How Nintendo Has Hurt the Smash Community

This was written months prior to Nintendo sending a C&D to Big House. It was not written with that context in mind.
This is being released anonymously for obvious reasons.

To begin, I want to state that I am not a journalist. What I’m writing below is directly from what I’ve been told by the individuals who work at these companies or are deeply familiar with the business dealings of these companies by the nature of their position in esports. I did not obtain emails, contracts, or documents to verify their claims, I am merely trusting their word. If a journalist wants to take it to the next level to check everything, I would encourage it.

I also want to point out that what I write below does not just include Melee. Most of what I am about to describe applies to Smash 4, Ultimate, even Brawl as well. All Smash scenes have been held back by Nintendo’s actions.

I’m writing this for the purpose of making the community at-large aware of the things that I and many other members of the community have been aware of for years, but were simply unwilling to talk about publicly because of the hope that Nintendo would make something happen. That hope is pretty much gone for me now, so I feel completely okay with sharing what I know.

For the longest time, it’s been known that Nintendo has wanted to avoid supporting the Smash esports scene in a way that helps us grow past the grassroots level. Nintendo is this entity that, for cultural or financial reasons, has simply chosen to not get involved in esports with Smash, at least not on the level that publishers get involved in most major esports. We’ve heard quotes from top executives at Nintendo many times about their disinterest in competitive gaming. We accept this because it is their intellectual property and they can have whatever vision they see fit for it.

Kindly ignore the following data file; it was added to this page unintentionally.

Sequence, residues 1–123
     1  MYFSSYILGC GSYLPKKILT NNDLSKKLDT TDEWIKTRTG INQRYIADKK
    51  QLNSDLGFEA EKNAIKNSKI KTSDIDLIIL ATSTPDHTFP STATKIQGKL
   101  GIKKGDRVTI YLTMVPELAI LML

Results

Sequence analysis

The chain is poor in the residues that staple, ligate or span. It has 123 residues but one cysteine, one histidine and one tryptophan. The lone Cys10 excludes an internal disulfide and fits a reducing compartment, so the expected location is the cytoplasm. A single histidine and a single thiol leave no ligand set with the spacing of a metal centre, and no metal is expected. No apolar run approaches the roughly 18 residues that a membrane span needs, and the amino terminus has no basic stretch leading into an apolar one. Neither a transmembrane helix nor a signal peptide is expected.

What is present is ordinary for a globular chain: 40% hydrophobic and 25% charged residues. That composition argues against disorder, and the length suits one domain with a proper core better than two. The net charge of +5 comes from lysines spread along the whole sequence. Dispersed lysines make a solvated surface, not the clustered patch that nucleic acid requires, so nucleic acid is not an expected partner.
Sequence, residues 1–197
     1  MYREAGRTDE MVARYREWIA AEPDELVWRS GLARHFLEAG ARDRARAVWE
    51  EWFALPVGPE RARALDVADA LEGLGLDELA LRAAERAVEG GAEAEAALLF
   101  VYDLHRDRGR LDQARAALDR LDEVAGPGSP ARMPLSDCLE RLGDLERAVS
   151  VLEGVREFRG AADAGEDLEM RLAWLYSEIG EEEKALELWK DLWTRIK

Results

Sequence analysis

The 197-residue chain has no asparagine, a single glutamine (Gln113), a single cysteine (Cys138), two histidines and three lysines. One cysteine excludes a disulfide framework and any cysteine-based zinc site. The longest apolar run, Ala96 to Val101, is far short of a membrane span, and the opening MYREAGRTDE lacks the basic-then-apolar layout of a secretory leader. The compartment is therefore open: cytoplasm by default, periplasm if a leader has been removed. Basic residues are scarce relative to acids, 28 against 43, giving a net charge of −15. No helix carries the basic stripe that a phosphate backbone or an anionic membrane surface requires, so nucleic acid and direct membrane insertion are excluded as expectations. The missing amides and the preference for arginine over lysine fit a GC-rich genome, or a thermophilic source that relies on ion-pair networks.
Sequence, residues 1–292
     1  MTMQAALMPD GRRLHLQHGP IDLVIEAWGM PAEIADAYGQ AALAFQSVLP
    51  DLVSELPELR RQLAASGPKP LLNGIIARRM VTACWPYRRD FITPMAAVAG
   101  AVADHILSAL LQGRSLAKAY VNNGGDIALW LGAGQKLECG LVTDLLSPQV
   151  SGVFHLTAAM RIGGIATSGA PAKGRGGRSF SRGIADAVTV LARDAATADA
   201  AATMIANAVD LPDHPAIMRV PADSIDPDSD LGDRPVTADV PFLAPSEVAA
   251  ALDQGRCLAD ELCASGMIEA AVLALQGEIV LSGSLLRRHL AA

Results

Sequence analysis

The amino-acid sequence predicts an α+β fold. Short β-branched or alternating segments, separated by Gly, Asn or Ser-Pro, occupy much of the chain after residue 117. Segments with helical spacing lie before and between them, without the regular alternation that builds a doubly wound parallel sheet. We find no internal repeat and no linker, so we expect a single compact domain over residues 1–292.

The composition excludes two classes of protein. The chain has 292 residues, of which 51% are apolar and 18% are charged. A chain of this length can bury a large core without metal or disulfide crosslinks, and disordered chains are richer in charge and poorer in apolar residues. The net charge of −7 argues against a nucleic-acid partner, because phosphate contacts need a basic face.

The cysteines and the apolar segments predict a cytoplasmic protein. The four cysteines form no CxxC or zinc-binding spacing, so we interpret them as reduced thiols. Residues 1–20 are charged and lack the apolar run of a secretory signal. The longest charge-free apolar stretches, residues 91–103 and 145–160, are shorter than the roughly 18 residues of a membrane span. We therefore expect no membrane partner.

However, Nintendo’s stance feels less innocent when you understand that they also deliberately prevent other entities from helping our scene through various actions, or inaction. Furthermore, these acts have gone on while stamping their names on our grassroot events, or inviting a few of our personalities to their events. We regularly get a smidgen of hope that they’re taking steps in the right direction, but no significant changes ever take place. They directly benefit from our community’s existence while providing relatively little support and taking actions that hurt our scene.